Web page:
In the Responsorial Psalm, the cantor sings, “May your kindness, O Lord, be upon us, who have put our hope in you.” If hope is put anywhere else but in God, it is misplaced, Pope Benedict XVI says in Spe salvi, #27. He states: “Anyone who does not know God, even though he may entertain all kinds of hopes, is ultimately without hope. Man’s great, true hope which holds firm can only be God, God who has loved us and who continues to love us ‘to the end,’ until all ‘is accomplished’” (cf. John 13:1 and 19:30).


The Responsorial Psalm tells of the Lord’s love for justice and right and of his eyes being on those who hope for his kindness. The Aparecida document tells of the necessity of choosing the ways of God over ways that ignore God. “Today a choice must be made between paths that lead to life and paths that lead to death. Paths of death are paths that mark a culture without God, driven by the idols of power, wealth, and momentary pleasure. Paths of true and full life for all, paths of eternal life, are those traced by the faith. This is the life that God shares with us out of his gratuitous love, for ‘it is the love that gives life’” (#13).


For Your Reflection: How could you look to God as your help and shield, as the Responsorial Psalm states? What does it mean to you that Jesus was tested in every way that a human being can be tested? How would you like to respond when you catch yourself looking for honors as James and John did?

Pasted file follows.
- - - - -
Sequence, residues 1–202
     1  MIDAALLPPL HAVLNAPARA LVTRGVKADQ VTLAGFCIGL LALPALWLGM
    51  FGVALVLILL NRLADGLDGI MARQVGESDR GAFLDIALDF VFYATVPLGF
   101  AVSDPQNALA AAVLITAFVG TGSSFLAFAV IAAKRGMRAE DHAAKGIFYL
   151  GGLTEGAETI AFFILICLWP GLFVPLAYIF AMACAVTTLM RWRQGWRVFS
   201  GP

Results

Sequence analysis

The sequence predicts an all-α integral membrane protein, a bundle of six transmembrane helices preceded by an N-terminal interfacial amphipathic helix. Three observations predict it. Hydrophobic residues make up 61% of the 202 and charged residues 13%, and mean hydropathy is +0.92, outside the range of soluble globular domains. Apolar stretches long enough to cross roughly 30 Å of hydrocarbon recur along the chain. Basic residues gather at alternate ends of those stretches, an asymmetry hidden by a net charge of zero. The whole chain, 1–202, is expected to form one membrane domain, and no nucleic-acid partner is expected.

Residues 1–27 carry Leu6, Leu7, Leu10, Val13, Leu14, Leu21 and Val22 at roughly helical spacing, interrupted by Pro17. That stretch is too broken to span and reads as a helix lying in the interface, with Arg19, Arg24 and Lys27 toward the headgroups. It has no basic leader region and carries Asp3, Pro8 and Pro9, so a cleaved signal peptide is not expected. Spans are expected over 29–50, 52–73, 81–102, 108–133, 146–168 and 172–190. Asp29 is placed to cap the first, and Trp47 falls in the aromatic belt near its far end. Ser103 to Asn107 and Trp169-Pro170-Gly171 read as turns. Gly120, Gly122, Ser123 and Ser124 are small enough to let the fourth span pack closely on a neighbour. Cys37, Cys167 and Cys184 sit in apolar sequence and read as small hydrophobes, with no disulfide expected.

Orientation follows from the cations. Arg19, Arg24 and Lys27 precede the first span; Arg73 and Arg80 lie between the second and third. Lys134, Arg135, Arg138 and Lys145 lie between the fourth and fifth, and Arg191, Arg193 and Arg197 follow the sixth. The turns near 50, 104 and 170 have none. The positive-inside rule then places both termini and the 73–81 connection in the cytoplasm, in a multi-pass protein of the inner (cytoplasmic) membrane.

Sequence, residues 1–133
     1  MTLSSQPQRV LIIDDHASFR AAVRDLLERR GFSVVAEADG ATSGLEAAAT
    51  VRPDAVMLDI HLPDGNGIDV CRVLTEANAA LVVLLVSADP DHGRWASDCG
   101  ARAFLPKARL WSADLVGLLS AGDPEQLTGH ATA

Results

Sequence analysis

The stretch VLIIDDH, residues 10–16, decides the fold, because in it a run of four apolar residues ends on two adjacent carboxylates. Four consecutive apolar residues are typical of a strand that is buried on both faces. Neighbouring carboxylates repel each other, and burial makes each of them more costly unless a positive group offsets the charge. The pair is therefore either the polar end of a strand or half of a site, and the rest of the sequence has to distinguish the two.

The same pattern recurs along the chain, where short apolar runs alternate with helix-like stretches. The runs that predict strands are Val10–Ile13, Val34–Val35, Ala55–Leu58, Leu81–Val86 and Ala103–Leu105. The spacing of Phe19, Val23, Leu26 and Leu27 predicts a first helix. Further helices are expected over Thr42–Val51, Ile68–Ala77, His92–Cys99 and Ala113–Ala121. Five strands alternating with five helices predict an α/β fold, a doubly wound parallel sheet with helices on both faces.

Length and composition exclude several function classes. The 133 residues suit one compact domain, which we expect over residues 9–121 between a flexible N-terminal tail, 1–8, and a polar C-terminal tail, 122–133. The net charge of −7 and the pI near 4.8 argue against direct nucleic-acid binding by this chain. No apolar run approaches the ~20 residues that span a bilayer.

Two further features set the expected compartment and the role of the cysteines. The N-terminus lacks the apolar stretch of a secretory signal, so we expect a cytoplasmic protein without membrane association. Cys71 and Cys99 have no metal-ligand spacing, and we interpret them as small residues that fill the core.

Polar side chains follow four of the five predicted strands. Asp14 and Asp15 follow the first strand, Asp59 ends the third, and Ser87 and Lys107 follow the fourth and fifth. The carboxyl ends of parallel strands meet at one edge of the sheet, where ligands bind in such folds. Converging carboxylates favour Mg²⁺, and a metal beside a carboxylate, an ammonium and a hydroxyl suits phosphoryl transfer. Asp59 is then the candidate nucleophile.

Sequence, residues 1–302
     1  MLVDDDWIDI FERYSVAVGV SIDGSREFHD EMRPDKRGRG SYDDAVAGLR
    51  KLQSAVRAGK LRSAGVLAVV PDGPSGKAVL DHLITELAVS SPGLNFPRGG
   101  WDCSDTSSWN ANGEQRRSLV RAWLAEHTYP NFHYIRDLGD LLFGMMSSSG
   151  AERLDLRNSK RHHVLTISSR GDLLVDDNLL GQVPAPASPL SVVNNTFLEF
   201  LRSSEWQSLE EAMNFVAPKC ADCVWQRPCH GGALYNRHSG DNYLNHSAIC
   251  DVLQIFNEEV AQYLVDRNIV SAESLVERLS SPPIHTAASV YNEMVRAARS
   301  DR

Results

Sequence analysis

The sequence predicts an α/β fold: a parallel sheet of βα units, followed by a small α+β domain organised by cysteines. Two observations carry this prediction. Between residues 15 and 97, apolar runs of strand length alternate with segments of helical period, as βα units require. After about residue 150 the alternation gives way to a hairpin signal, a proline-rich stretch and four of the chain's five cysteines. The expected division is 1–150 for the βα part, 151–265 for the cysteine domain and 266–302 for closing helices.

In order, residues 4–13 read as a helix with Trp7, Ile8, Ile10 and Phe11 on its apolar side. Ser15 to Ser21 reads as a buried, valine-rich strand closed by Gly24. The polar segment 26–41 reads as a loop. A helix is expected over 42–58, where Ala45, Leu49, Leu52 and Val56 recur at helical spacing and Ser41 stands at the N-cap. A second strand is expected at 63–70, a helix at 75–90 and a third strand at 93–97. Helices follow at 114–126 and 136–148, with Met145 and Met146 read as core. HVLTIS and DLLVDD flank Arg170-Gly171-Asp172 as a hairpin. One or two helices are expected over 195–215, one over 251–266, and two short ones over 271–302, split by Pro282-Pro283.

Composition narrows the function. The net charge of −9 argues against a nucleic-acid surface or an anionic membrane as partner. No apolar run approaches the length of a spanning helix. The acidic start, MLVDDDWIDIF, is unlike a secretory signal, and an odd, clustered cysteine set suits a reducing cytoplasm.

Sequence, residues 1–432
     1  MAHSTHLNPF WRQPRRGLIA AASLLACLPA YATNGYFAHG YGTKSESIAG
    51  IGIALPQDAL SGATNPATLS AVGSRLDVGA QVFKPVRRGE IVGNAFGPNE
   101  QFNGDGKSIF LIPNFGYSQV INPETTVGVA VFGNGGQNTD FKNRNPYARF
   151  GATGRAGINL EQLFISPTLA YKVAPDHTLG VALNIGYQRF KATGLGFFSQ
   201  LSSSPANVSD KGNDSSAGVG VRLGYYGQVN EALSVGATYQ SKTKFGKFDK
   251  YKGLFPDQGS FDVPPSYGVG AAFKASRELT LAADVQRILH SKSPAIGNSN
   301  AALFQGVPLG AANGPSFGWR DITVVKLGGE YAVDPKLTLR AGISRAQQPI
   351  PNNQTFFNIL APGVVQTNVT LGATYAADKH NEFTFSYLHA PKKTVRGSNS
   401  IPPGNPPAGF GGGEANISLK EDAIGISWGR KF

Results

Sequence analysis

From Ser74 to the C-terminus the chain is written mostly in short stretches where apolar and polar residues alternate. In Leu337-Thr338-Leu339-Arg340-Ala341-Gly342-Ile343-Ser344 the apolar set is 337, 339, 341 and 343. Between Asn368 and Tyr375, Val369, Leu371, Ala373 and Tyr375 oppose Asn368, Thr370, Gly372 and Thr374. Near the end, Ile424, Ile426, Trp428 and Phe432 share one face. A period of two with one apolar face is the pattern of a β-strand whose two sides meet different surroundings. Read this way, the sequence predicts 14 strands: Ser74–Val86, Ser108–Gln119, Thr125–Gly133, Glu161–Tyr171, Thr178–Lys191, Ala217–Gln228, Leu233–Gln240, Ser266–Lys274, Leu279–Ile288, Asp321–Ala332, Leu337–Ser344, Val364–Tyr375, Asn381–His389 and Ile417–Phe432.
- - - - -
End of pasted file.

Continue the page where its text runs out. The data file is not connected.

Dear Sisters and Brothers,


In the Gospel reading for World Mission Sunday, Jesus reminds us of His mission “to serve and to give his life as a ransom for many” (Mark 10:45). Through Renew My Church, we embrace this mission in which He calls us to serve others and give new life in Christ. In celebrating World Mission Sunday, we as members of the Church in the Archdiocese of Chicago proclaim the life-giving presence of Jesus Christ throughout our world.


The World Mission Sunday collection, celebrated worldwide on October 21, provides vital assistance to over 1,000 economically poor dioceses responding to spiritual and material needs across Africa, Asia, and remote areas of Latin America and the Pacific Islands. It also resources churches and religious congregations that accompany people facing poverty, violent conflict, and displacement in the Middle East, Northeast Africa, India and Eastern Europe.


It is my hope that every parish in the Archdiocese of Chicago embraces World Mission Sunday as an opportunity to join with the global Church in making disciples throughout our world as we are called to do during the Renew My Church process. May our witness inspire others in our Chicago community, especially young people, to embrace the call to love and follow Christ.


With every good wish, I remain,

Sincerely yours in Christ,

Cardinal Blasé J. Cupich

Archbishop of Chicago